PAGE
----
Specter: Mukasey Is 'Still Wearing His Robe'
Sen. Arlen Specter (R-Pa.) today accused the Bush administration of being overly obstinate on a range of controversial issues, expressing particular frustration at Attorney General Michael Mukasey's unwillingness to compromise.
"Mukasey is non-negotiable," Specter said at a meeting with the Washington Post editorial board. "Mukasey is still wearing his robe."
Feisty and opinionated as ever despite a recent recurrence of Hodgkin's Disease, the top Judiciary Committee Republican was especially pointed on the subject of Mukasey and the Foreign Intelligence Surveillance Act, lamenting that the former federal judge refused to budge from the Bush administration's position that telecommunications companies must be granted retroactive immunity for their past cooperation with intelligence operations.
Echoing the complaint of many Democrats, Specter said, "I think retroactive immunity is exactly wrong. ... How can you ask for retroactive immunity in a context where you don't even know what you're immunizing?"
Specter has proposed a compromise by which the U.S. government would be substituted in for telecom companies as the defendant in any lawsuit stemming from warrantless wiretapping operations, but his suggestion has drawn little support from his fellow Republicans and none at all from the White House. Specter complained that he had received "no valid answer" from Mukasey and the administration for why they oppose his plan.
Specter's criticisms go well beyond FISA; he also accused the White House of obduracy on the media shield law, on updating the state secrets law, on the use of national security letters and on the issue of preserving attorney-client privilege for military detainees (Specter called the administration's position on that issue "atrocious"). At every turn, Specter said, Mukasey has been immovable.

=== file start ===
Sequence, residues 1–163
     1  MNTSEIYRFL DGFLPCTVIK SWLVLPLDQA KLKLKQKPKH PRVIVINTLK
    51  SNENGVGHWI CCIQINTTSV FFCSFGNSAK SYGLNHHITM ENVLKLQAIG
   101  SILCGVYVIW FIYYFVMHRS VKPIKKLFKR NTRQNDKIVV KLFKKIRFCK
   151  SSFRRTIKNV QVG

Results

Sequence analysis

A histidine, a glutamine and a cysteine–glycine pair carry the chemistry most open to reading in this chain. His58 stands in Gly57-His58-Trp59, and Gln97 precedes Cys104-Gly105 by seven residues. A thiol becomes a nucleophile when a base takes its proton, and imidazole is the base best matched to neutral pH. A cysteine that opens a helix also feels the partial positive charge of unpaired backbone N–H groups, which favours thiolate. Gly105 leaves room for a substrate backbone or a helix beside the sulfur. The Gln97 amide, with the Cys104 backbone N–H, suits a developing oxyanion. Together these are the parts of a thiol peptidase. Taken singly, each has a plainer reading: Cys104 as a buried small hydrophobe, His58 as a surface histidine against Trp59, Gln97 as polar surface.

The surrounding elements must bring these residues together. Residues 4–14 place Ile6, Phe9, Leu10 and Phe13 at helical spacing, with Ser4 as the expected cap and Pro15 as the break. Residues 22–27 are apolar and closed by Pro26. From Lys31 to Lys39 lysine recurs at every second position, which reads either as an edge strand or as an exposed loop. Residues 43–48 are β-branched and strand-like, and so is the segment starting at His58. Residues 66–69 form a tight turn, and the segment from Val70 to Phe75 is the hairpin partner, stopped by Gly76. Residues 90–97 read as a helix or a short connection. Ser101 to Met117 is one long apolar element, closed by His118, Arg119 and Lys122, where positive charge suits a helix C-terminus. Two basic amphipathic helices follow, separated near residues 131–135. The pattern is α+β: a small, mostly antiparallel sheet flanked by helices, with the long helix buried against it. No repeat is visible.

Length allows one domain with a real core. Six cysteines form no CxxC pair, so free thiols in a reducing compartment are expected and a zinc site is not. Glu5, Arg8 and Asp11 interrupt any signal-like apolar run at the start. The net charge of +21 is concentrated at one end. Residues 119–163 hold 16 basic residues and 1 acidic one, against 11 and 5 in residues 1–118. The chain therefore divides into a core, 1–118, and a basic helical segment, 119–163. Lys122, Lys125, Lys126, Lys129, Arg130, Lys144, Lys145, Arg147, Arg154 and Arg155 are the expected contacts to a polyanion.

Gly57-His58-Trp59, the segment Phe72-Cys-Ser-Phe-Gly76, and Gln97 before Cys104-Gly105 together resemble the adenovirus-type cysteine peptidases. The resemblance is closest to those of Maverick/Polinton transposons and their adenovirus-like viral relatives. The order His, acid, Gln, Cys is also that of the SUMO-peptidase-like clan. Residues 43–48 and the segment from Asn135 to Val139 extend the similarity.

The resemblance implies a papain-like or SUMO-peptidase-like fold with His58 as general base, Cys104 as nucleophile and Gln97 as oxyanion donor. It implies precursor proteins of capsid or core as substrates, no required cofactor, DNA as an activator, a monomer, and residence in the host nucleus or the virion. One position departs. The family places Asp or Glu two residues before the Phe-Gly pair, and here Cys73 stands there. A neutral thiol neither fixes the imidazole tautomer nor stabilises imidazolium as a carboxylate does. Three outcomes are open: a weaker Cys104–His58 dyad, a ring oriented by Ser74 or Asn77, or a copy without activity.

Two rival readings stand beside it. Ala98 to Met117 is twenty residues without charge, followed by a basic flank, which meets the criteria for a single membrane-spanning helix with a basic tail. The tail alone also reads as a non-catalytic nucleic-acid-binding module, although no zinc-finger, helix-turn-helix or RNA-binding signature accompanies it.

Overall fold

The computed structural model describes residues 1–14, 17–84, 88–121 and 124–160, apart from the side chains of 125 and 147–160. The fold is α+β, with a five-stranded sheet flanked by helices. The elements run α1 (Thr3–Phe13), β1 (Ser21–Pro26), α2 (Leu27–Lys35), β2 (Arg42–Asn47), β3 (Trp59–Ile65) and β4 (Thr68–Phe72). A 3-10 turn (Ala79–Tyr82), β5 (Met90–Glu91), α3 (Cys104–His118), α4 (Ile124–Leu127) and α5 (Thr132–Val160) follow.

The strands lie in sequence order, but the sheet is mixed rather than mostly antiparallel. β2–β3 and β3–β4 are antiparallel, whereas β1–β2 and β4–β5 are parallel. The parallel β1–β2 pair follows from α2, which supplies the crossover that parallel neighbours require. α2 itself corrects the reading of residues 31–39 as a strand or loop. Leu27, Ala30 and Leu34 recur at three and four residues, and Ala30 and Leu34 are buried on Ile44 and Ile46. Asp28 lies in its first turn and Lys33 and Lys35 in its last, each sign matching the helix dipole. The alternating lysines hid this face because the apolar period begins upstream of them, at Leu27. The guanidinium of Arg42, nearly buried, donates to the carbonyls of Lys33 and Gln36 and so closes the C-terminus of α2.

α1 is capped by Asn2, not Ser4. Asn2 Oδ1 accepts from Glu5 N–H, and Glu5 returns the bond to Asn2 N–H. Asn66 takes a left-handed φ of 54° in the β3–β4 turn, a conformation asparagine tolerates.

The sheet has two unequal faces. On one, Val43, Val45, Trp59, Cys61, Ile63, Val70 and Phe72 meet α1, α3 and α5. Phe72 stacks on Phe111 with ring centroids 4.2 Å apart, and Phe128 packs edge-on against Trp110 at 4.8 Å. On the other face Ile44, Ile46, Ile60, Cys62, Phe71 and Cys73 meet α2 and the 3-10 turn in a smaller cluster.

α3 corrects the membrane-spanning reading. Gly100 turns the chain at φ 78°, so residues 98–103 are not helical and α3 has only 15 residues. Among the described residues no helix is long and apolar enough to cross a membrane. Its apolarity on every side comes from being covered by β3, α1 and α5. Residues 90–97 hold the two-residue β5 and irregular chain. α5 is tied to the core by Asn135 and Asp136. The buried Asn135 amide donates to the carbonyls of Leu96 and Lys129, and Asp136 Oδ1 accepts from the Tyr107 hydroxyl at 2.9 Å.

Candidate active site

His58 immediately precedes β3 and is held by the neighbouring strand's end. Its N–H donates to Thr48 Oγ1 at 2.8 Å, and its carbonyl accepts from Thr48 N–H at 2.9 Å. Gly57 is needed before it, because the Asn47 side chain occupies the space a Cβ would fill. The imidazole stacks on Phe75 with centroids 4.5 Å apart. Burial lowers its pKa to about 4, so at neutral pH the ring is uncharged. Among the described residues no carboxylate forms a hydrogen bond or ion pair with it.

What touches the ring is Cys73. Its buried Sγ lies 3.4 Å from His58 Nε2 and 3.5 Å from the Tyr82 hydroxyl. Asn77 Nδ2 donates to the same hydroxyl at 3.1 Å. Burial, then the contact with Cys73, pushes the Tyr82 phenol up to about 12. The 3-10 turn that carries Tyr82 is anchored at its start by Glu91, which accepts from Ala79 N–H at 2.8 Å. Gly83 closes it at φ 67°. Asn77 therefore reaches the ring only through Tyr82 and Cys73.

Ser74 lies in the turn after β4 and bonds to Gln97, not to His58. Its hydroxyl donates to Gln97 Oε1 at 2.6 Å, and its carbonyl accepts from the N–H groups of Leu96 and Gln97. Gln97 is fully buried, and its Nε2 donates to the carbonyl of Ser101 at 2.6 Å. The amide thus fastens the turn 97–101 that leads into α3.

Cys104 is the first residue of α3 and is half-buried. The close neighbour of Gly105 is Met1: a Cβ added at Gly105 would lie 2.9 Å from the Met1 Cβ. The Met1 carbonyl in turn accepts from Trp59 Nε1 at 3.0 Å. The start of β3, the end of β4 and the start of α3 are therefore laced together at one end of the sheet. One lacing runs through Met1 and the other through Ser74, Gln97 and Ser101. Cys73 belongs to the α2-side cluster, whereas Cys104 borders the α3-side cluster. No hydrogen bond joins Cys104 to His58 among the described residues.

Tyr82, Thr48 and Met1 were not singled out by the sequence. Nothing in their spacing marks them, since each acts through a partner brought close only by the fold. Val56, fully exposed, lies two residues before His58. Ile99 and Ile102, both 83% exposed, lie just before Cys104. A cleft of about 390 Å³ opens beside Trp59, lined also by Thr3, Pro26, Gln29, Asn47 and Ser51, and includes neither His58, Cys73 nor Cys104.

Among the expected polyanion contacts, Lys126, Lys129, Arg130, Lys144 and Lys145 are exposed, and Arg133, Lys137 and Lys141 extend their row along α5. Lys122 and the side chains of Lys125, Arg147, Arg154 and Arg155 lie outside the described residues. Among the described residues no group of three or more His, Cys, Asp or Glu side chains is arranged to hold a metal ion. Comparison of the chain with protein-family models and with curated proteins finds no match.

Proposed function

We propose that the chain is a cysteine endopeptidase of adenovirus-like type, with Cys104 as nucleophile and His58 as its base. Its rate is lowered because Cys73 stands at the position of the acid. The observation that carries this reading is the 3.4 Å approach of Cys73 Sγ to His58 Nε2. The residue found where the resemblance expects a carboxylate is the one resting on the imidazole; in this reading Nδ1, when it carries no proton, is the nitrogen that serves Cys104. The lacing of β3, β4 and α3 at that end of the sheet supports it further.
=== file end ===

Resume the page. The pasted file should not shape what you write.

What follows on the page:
"There's nothing that has been proposed that he's proposed to make the slightest concession on. Not anything," Specter said, later adding: "He doesn't have any flexibility."
Spected did give Mukasey faint praise by acknowledging that he was better than his predecessor as attorney general, Alberto Gonzales.
"He's a big improvement," Specter said. "It would be impossible not to be."
"Judge Mukasey is a very learned guy," Specter continued, "but he's a very, very rigid guy. And he was rigid during the confirmation process. He was not easy to deal with when I had the job of shepherding [him] through the confirmation process. But I was for him and I'm still for him compared to either Gonzales or a vacancy."
Specter was similarly downcast on another issue close to his heart: The Senate's progress -- or lack thereof -- in confirming judicial nominations.
"We had a little breakthrough, but so far it's only a little breakthrough," Specter said of a recent bipartisan compromise to allow three circuit-court judges to move through the Senate.
"What I'm looking for is really something more than solving the problem for this year," Specter said. "We really ought to have a truce, and we ought to establish a protocol that will survive whoever controls the White House and whoever controls the Senate."